As a Manchester United fan I was fairly amused with the first half. AC Milan 3 – 0Liverpool. It looked like being one of the great spankings of football history. Considering I had tolerated days of gloating about the number of European Cups Liverpool had won and would go onto win it felt pretty good to know that I’d be able to pay back that gloating with some smug looks of my own. I wouldn’t actually say anything, that would be harsh, I’d just look, and they’d know from that look that I knew that they knew that I knew. That would be enough. But thenLiverpoolbrought on a midfielder with some positional sense, giving Gerrard licence to do what he had been doing anyway and run about doing what he wanted. Except with Hamann on it wasn’t costing his team the game, in fact it seemed to be helping them get back into it. Alonso was at his majestic best and from 3-0 it became 3-1 and suddenly, the underdog lover in me somehow did the unthinkable and started cheeringLiverpool. By the time the equaliser threw in I was high fiving theLiverpoolfan next to me. By the time penalties came along I knewLiverpoolwere going to win. A team with Igor Biscan was going to win the European Cup in a comeback that would eclipse that famous night inBarcelona. At that point my emotions became a little mixed. Would AC Milan winning on penalties count as a counter comeback? Tough to say, but somehow my desire for aLiverpoolwin held and so did their nerve. They won and I genuinely was delighted for their fans. But instantly I reminded myself “it’s a hell of a comeback, but it’s no Treble”. I’m lucky that at the tender age of 14 I saw my idols do the unthinkable and go from losing to winning in the space of a minute. The final minute at that. Had it not been for that game, who knows if I would have felt so magnanimous aboutLiverpool’s triumph?

Those are my thoughts on rivalry and on a very famous night for one of my club’s most bitter rivals. As my thoughts are often as trustworthy as a married footballer in a whorehouse I decided to ask an assortment of football fans how they felt about some of the most glorious moments in their rival’s recent history and their responses are listed below.

Lewis, – aka @beathelastman on Twitter is a blogger of the highest quality and if you don’t already follow him, you should, even if he knows nothing about Batistuta and I refuse to let that go.


I admire Man Utd. I really do. I was raised in a scouse household (Liverpool Dad, Evertonian Mum) But in SAF they have an incredible manager who, whilst he can irritate at times has the right to act (in my opinion) bigger than the club. The 99 final was an incredible game and an incredible adrenaline high. I was only 10 and that was the first season I’d really paid attention to Football and memories of watching Utd win everything was all I knew growing up. Did it annoy me that Utd were winning, yes. Is that the reason I ‘hate’ Utd, no. The rivalry is there because…well because we’re two proud historic clubs – I don’t think it’s more complicated than that.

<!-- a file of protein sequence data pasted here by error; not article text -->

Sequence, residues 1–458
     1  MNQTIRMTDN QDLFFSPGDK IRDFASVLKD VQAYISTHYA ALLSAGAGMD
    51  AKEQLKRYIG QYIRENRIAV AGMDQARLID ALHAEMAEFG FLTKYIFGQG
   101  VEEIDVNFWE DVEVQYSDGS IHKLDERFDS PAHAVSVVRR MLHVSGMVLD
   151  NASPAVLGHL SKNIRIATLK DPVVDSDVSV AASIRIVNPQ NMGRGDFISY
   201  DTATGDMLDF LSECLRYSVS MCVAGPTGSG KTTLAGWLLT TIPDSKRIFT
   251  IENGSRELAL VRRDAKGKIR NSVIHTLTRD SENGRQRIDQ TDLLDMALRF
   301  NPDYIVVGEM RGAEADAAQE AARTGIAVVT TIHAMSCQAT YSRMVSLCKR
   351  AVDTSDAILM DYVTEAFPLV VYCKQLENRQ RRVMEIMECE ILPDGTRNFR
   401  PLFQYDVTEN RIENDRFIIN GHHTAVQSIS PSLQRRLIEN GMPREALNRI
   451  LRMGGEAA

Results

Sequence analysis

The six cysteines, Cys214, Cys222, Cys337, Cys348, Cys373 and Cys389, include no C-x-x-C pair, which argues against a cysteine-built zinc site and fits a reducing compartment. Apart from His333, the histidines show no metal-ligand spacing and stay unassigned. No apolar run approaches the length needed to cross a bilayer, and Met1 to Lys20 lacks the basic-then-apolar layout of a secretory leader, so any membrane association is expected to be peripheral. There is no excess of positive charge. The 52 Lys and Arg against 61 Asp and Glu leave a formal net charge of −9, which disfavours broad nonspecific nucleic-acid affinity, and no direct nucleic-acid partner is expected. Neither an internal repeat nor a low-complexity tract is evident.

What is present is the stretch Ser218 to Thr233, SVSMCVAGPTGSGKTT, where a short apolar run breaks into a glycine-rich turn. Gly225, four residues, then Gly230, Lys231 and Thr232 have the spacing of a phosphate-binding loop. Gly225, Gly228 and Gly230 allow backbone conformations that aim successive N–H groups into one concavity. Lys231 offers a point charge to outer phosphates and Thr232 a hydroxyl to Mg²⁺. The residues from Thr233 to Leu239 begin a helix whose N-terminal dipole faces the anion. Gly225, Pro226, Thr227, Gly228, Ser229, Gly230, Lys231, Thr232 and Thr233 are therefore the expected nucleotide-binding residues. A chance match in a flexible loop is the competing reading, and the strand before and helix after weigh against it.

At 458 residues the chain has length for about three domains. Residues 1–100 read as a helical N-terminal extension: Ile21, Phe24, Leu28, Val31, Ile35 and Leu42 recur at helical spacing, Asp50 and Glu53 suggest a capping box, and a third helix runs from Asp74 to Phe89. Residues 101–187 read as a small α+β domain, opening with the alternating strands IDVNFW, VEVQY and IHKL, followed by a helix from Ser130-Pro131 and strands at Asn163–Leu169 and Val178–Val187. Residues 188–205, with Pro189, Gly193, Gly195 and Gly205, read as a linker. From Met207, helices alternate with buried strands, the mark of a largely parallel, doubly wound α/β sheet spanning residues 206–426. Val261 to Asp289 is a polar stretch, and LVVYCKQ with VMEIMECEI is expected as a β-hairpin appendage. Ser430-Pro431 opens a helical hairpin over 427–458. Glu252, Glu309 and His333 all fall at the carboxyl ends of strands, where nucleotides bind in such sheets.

For me success is neither here nor there as a reason to like or dislike a club or me. It comes down to small fickle things – personnel (I dislike Utd more for G Nev than anything else), playing style, disrespectful comments that sort of thing.  


Simon Pilkington – editor of and @simonpilkington on Twitter


My thoughts on the CL final in 99′. if you need something more in depth then let me know:


My everlasting memories of the 1999 Champions League final were completely bittersweet – at 17 years old I was lucky enough to have seen an English side blast their way through the competition and win in dramatic circumstances to beat, of all teams, the Germans in the beautiful footballing arena that is Camp Nou. However the fact it was Manchester Utd, just securing the treble, and with it, bragging rights over all domestic fans along the way, left a very bitter taste.


As a Liverpool fan too young to remember any of the 4 European Cups that we’d already won and the 2005 victory still 6 years away, it wasn’t hard to realise that what Utd had achieved was special. In fact, despite watching numerous replays of our previous victories, it wasn’t until 2005 and the sheer utter ecstatic joy that I felt, that I realised how Utd fans must have felt. If you take away the rivalry, you can’t begrudge any football fan that feeling.


At the time though it was tough to take. I was half wishing the ref would blow his whistle, then when Sheringham scored, I was hoping for leg-sapping extra time but bizarrely when Solskjaer scored the winner there was apart of me that was happy for them. Maybe it was the fact that Solskjaer was one of those rare ocurrences – a Utd player I actually liked and respected – or maybe it was that it fit the Utd stereotype of scoring late, late injury-time winners. Most likely it was that is was an excellent game of football with a phenomenal climax that epitomised everything I love about this sport.


I’m not bitter, not bitter at all, we can elave that for the Everton fans; however, it was no Istanbul, was it?!


Robert Marrs – author of the fantastic as well as being @MarrsioFootball on Twitter.


In 1999



At the time I was furious. As soon as United scored their first goal, I knew instantly that they would go on to win the game and do so in normal time. That United team always did – I’d seen it so often.


It seemed like an utter robbery because it was an utter robbery. Bayern Munchen had dominated the game but hadn’t killed it off. I was so furious I threw a cup of coffee at the wall.


As a youngster, at points, I probably hated United more than I liked Liverpool. Odd but that’s teenage football fandom for you.


In 2011



I don’t mind so much. United lucked out but the team, in hindsight, probably just about deserved a European Cup around that time. They were a far finer side than many winners that have followed.